Monday, January 17, 2005

Vacation viewing

I had last week off to sit around and do nothing (my favorite pastime), but I didn't watch nearly as many movies as I would have liked. Here's what I did get around to, in between sleeping and, uh, sleeping.

Beau Travail (Claire Denis, 1999)
I am sure a sucker for these French art movies, and this is as French and arty as they come. My first exposure to Denis' work, although I'll definitely be seeking out more. (What I really want to see is her art-house vampire movie Trouble Every Day, starring Vincent Gallo, but it's not out on DVD.) Apparently this is very loosely based on Herman Melville's Billy Budd, which I read in high school, but the only thing I can remember about Billy Budd is that it took place on a boat. Beau Travail takes place on a French Foreign Legion base in Djibouti, where shirtless men idle away their days doing combat training and strangely hypnotic calisthenics that are far too choreographed to be actual military exercises. There are long, languid stretches with no dialogue, and what little story there is (a dark rumination on jealousy) is sketchy and almost incidental to the images of the toned men performing ritualistic exercises as confused African women look on, bemused. Yes, it's highly homoerotic, but it's also surprisingly beautiful, like watching modern dance. Some critics say this is a profound meditation on masculinity, and maybe it is, but I just found its poetic imagery haunting.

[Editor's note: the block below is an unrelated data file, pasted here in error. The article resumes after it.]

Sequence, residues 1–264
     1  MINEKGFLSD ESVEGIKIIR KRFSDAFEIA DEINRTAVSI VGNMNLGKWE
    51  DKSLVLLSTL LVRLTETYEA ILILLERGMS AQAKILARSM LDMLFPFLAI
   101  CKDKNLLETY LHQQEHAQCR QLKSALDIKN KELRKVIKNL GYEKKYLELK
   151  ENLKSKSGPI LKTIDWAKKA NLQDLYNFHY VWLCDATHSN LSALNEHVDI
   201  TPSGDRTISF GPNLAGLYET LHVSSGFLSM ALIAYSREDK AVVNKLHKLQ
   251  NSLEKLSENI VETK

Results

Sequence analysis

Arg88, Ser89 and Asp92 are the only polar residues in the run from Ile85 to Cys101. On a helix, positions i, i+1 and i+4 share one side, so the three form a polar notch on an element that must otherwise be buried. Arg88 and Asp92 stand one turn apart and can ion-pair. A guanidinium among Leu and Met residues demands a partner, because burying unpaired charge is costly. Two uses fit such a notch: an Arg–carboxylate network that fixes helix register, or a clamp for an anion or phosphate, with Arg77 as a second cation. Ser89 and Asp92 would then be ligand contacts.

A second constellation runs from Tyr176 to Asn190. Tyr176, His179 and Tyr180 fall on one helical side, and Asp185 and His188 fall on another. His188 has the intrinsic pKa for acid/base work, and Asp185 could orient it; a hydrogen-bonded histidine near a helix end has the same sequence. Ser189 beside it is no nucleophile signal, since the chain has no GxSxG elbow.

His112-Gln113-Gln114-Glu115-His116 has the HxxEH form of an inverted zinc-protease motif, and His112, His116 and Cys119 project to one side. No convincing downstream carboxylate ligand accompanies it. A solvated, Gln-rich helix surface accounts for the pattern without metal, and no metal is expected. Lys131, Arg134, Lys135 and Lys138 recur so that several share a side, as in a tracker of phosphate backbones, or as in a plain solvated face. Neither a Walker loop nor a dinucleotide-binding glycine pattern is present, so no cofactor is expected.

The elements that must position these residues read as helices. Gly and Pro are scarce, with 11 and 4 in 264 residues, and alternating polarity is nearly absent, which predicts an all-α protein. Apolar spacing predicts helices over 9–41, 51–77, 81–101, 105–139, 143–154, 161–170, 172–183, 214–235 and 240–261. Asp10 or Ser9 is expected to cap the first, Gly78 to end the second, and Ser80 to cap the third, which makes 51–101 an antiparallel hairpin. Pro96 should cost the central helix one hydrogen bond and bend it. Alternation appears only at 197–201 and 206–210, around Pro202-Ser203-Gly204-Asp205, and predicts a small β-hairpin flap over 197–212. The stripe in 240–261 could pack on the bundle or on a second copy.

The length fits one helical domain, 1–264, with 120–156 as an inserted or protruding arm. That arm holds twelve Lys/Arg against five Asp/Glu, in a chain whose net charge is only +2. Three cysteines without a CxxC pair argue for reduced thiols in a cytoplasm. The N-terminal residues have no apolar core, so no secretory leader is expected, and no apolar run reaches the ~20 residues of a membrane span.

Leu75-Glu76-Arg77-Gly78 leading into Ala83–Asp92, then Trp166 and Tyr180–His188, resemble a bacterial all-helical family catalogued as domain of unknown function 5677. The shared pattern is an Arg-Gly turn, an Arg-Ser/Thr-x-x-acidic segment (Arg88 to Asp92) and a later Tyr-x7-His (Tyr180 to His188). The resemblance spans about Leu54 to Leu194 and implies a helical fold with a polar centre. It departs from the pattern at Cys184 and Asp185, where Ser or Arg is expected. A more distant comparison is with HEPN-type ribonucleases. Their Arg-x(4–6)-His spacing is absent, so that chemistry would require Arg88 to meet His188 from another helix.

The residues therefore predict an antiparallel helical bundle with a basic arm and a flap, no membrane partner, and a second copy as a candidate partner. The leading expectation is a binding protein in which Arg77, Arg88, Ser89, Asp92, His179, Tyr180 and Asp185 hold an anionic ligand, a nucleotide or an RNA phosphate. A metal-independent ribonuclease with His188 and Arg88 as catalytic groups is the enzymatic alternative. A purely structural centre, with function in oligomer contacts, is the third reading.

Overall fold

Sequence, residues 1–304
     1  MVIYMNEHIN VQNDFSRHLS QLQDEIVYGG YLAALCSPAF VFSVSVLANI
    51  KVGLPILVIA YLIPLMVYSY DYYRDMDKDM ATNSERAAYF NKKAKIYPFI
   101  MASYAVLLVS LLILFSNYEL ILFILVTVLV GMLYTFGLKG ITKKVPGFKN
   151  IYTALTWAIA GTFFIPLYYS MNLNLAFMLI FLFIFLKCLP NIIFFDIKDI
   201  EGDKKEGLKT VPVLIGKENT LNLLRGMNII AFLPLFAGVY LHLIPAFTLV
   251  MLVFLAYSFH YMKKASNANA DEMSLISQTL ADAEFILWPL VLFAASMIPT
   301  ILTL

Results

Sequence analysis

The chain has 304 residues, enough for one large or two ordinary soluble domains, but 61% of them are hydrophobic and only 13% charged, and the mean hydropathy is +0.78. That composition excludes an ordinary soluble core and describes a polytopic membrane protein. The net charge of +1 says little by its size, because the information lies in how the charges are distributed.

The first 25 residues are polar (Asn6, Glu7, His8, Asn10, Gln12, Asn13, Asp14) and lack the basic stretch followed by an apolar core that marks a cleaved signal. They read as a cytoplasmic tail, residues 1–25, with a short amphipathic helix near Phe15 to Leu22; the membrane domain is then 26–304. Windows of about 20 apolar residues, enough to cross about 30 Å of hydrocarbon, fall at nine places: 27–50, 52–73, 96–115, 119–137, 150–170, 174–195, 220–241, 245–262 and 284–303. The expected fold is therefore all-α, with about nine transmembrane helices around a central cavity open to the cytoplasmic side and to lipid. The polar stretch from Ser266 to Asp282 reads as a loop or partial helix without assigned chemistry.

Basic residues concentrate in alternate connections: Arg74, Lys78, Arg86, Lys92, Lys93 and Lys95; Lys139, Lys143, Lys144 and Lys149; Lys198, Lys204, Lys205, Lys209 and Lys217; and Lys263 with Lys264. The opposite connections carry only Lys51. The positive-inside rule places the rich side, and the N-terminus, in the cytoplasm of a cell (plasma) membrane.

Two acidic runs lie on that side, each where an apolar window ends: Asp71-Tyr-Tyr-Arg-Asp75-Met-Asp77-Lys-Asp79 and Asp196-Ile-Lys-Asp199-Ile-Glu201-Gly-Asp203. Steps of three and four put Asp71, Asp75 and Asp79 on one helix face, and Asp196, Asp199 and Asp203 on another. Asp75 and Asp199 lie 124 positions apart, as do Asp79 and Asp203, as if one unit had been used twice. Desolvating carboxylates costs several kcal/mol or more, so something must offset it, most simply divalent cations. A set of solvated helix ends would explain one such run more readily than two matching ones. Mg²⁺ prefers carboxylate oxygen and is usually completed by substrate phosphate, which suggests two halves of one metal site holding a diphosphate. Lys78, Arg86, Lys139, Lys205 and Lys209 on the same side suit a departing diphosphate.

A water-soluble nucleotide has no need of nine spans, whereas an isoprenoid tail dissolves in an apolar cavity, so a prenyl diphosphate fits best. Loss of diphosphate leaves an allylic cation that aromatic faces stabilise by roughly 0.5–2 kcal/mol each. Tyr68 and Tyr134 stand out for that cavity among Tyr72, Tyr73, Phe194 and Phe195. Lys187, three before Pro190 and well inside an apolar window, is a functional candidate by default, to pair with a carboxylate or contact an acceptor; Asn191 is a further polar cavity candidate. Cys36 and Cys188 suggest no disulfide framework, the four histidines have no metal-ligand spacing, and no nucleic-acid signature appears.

8 Mile (Curtis Hanson, 2002)
I'm sure I had a knee-jerk aversion to a movie starring Eminem when this first came out, but some critical acclaim and recommendations from friends actually had me looking forward to seeing it. Strangely enough, then, I ended up disappointed, since my heightened expectations were dashed by what is little more than a standard "follow your dreams" movie with some extra grit and swear words. It's a decent take on that old genre, but it's nothing outstanding, and Kim Basinger is just terrible with her bad accent and shrill delivery as Eminem's mom. The rap battles are the best part, especially at the end when the actual drama of the story plays out in the lyrics, like a musical, but there aren't enough of them, and the middle of the film drags considerably. A letdown, which is not something I'd ever expect to say about a movie starring Eminem.

Five Easy Pieces (Bob Rafelson, 1970)